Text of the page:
Winter is a time for reading. Winter is a time for movies. Winter is a time for music.
We have investigated some edifying, clean books and movies that could occupy your time this winter season – but what about good music? Music is especially associated with Christmas. In fact, Christmas has its own “genre” of music: the Christmas carol. Christmas music is one of the last vestiges of Christian influence in the West. I recall walking into a bakery a few years ago and hearing clearly the words of “God Rest Ye Merry Gentlemen” from the speakers. It was very odd hearing great truth about Christ and the Gospel in the midst of this secular place – but it was a reminder that even the world still likes Christmas carols, despite their Gospel-focused lyrics.
Sadly, for every inch that Christianity remains in the world, there is a mile that the world has infiltrated Christianity. Music is no exception. What type of music are we putting into our heads at Christmas? Are we going along with the fluffy, perhaps romantic songs of the world? Or are we anticipating and rejoicing in the birth of the Messiah even in what we listen to?
P. I. Tchaikovsky: The Nutcracker Suite
One of the most famous Christmas “classical” songs is Tchaikovsky’s The Nutcracker Suite. While I couldn’t commend attending the ballet to everyone, I can certainly commend listening to this beautiful piece of music. Granted, there are no lyrics. But good music doesn’t need lyrics. Instrumental music can be beautiful and, through its beauty, can point listeners to the Creator in all His beautiful character. At Christmas, how great our joy, for this beautiful Creator condescended to walk among us! There is great beauty in the truth of Christmas: God is with us. What’s more? You can listen without video for free right here.
The Piano Guys: A Family Christmas
This is a taste of “contemporary” instrumental music. Primarily only a piano and a cello, the Piano Guys make creative spins off many Christmas songs, familiar carols and modern songs alike. They are talented and often have an “upbeat” feel to their music. Lively and family-oriented, this is a great album to get into the “Christmas spirit” (to borrow a secular phrase!). NOTE: There is one song on this disc that ends with actual singing – while the lyrics are not ungodly per se, they are a bit nonsensical and fluffy. Yet, this one ending to one song does not take away from the merits of the whole album.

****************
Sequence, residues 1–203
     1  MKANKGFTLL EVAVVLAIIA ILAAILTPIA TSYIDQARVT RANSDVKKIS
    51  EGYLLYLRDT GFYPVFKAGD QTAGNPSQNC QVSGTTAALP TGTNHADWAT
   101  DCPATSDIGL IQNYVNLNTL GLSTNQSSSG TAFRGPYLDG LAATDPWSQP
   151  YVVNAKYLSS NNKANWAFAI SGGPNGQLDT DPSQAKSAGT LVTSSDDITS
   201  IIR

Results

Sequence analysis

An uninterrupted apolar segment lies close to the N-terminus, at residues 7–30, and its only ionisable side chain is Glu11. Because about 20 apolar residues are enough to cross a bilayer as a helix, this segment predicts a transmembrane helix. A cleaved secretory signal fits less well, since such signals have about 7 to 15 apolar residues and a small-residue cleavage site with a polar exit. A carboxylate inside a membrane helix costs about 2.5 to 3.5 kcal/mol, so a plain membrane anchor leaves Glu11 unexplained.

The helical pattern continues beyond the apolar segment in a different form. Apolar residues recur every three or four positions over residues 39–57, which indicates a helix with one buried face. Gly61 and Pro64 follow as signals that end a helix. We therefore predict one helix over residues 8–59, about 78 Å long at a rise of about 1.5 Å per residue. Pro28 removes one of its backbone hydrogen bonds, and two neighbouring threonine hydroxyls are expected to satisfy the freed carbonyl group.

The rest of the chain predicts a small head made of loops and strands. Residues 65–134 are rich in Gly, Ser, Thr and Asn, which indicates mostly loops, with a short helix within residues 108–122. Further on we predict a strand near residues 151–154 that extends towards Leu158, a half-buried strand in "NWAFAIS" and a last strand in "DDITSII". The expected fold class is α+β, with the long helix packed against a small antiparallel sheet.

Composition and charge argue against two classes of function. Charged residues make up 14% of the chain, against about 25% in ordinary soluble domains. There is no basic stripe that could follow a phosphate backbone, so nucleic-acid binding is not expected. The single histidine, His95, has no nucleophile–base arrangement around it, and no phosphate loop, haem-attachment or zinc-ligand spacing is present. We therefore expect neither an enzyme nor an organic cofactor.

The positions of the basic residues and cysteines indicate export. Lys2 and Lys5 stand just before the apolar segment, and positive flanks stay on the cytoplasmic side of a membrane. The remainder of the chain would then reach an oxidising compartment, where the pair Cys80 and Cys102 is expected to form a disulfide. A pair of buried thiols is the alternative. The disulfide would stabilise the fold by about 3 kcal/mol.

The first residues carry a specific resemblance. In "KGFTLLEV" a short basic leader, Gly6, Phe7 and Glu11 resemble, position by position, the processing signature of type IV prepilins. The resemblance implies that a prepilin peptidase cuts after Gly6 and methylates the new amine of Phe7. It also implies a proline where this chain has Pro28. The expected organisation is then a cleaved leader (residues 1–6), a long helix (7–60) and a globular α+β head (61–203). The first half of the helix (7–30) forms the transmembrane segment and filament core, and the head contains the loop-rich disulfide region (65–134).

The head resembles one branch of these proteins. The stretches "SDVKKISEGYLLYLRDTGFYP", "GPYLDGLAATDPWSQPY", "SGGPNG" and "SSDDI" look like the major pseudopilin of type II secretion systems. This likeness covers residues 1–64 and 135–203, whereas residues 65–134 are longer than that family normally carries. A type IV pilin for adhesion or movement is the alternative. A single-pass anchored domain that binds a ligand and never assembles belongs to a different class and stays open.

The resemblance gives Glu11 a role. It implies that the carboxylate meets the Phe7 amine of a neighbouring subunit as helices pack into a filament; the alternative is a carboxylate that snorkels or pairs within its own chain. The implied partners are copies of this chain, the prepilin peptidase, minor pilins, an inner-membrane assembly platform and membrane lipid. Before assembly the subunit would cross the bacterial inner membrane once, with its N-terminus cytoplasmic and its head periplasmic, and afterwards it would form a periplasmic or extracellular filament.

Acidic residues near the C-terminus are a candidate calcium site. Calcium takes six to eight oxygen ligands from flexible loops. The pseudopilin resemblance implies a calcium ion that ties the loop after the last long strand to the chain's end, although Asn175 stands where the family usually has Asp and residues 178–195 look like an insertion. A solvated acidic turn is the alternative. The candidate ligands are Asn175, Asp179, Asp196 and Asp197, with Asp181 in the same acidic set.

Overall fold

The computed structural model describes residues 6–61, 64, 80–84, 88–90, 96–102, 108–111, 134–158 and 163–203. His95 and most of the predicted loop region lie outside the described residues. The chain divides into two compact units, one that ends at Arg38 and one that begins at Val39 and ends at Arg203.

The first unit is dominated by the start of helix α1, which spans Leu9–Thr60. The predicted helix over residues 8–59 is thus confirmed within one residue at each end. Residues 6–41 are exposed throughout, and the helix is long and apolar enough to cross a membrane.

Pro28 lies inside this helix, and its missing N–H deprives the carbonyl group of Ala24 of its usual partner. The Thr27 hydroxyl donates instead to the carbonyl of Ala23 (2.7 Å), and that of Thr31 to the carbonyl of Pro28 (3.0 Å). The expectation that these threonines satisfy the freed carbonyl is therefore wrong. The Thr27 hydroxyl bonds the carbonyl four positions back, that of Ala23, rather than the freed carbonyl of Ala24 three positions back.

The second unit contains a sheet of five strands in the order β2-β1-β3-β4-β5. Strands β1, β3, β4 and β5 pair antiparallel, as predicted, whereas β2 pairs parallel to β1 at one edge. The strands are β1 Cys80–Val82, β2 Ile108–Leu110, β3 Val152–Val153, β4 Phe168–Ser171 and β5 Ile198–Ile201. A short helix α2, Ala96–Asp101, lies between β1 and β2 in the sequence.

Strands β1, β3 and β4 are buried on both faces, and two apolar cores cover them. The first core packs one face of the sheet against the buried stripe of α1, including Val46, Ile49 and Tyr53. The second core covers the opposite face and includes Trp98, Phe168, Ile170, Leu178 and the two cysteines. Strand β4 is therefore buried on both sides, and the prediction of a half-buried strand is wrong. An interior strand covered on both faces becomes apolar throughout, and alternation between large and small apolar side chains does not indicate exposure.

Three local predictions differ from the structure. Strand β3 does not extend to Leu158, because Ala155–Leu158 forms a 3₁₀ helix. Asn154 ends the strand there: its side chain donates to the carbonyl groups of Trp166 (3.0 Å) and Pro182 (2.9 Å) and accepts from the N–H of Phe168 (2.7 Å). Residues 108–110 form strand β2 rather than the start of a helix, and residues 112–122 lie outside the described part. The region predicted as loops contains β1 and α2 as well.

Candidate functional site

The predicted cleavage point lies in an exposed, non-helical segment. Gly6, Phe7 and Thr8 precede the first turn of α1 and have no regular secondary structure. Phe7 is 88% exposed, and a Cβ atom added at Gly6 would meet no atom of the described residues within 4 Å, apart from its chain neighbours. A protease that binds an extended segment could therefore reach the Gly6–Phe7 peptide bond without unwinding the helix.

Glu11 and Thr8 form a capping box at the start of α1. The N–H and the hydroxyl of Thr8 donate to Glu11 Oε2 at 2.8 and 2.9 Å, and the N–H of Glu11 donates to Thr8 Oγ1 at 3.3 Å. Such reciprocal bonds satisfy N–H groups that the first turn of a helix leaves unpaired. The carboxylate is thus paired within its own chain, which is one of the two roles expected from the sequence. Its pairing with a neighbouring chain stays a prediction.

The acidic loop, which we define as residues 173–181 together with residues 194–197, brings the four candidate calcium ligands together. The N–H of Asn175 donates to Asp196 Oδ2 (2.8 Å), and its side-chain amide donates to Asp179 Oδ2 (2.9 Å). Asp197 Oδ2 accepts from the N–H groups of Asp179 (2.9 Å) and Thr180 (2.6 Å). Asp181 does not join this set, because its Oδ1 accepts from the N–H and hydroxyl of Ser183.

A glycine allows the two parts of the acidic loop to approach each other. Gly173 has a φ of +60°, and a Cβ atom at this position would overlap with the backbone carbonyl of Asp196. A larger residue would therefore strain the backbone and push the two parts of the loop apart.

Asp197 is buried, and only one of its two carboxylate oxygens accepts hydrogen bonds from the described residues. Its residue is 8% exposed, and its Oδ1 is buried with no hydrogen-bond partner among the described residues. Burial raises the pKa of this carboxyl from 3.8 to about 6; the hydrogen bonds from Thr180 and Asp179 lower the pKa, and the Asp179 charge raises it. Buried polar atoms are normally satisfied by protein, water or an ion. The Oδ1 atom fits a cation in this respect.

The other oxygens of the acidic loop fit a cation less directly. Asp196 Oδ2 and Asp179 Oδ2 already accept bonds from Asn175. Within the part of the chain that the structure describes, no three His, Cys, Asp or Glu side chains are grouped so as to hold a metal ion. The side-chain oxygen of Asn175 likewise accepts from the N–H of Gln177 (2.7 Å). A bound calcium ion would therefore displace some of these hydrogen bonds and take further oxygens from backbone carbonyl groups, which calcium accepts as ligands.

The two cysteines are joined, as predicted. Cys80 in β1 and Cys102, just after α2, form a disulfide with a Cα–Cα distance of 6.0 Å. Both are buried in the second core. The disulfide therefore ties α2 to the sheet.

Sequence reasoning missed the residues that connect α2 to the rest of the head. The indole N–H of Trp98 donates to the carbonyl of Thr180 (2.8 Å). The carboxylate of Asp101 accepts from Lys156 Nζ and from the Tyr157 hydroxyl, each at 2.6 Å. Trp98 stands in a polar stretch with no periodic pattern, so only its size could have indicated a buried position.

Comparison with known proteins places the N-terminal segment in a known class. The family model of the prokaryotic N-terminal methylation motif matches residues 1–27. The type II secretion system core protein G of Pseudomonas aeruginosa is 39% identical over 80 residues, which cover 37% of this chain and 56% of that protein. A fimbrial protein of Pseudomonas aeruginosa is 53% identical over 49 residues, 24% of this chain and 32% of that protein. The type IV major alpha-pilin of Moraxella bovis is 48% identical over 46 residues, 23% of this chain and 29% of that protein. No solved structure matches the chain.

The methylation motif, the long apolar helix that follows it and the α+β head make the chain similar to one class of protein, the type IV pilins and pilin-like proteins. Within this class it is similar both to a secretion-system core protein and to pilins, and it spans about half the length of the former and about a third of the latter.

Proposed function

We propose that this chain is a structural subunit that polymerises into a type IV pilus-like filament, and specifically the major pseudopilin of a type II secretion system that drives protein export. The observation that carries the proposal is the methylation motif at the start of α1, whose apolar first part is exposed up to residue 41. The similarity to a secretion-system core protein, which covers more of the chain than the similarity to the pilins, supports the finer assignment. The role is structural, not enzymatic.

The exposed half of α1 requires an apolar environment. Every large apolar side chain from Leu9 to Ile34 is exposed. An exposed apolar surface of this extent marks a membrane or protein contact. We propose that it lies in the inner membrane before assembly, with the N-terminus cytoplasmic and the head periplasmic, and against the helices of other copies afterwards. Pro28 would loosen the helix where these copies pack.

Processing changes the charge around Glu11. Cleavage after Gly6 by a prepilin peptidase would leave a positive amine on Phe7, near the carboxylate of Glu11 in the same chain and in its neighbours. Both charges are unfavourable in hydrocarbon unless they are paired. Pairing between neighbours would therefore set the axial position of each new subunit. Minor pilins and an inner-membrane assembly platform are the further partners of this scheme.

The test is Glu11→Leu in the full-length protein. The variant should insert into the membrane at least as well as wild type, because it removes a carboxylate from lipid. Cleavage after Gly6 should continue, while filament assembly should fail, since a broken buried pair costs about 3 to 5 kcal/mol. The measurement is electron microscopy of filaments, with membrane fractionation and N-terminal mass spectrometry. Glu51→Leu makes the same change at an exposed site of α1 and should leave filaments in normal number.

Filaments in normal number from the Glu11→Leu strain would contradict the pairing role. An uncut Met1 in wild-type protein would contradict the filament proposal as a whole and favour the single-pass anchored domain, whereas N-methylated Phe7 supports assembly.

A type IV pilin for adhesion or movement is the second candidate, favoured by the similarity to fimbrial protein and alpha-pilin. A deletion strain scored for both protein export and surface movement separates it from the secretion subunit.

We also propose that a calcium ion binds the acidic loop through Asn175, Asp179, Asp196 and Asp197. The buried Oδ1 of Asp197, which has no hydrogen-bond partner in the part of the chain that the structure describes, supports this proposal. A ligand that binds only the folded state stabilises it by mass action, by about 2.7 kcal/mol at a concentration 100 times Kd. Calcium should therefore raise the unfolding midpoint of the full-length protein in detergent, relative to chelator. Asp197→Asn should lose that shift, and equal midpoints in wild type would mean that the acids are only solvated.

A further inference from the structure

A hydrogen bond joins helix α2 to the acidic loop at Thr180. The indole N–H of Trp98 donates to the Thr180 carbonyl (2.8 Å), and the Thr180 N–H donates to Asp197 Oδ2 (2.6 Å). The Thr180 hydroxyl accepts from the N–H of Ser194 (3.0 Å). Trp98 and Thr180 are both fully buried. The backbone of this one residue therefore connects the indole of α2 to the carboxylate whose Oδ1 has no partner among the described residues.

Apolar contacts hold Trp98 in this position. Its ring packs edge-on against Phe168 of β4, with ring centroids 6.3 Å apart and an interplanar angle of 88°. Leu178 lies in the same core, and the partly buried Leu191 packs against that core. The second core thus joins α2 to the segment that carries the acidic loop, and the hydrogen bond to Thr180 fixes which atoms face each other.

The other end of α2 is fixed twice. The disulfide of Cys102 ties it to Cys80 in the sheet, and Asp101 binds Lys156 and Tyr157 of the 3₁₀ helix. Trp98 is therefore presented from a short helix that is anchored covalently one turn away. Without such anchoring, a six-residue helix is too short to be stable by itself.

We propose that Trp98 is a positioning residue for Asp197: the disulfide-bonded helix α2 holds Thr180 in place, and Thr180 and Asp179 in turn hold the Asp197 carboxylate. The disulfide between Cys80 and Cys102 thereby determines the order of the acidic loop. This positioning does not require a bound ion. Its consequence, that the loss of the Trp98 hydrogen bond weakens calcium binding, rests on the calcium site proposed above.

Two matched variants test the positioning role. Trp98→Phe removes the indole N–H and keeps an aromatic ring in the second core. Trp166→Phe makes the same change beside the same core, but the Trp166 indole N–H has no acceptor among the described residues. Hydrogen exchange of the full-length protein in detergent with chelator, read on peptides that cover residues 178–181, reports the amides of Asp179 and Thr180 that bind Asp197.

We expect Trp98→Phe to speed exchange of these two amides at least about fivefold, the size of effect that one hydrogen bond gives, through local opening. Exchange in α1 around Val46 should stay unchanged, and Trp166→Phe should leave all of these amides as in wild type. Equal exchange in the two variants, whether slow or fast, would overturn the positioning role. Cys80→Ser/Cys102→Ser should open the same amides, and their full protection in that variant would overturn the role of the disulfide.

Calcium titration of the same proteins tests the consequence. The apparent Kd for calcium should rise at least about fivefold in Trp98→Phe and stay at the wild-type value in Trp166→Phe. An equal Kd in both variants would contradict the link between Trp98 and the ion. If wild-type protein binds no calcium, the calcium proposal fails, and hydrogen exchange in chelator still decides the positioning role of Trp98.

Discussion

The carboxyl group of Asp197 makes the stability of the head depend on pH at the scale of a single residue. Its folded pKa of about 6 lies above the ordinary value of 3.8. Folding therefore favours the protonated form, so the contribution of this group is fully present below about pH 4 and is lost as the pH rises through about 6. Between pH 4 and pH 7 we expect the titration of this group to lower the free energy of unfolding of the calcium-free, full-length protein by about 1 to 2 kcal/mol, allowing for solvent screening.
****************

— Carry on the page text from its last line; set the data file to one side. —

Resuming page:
Sovereign Grace Music: Prepare Him Room
True “contemporary Christian” Christmas music, Prepare Him Room is a large album of both familiar carols and Sovereign Grace’s own writing. Many of the songs are rich in lyric, offering a great excuse to really meditate upon the theological truth of the incarnation. Different songs have different unique flavours, singers, and instrumentation to them, offering a diversity of God-glorifying Christmas music. This is strongly recommended listening for you as you prepare your mind and heart to worship the Lord this Christmas!
G. F. Handel: The Messiah
Okay, maybe I am cheating a little bit. Not only is this the 4th recommendation, breaking 2-weeks-worth of tradition, but this is not technically Christmas music. Though often played at Christmas, The Messiah originally was played around Easter. Yet, with such features as “For unto Us a Child Is Born” and “And Suddenly There Was with the Angel”, The Messiah has become a Christmas staple. It is an oratorio – that means it will sound like an opera. But don’t be dismayed! Be rather amazed by the beautiful talent in the voices, and pay careful attention to the lyrics. If you are not familiar with this combination of instrumental music, Scriptural lyrics, and soaring voices into one long and sweeping masterpiece, then please take this Christmas season to become acquainted.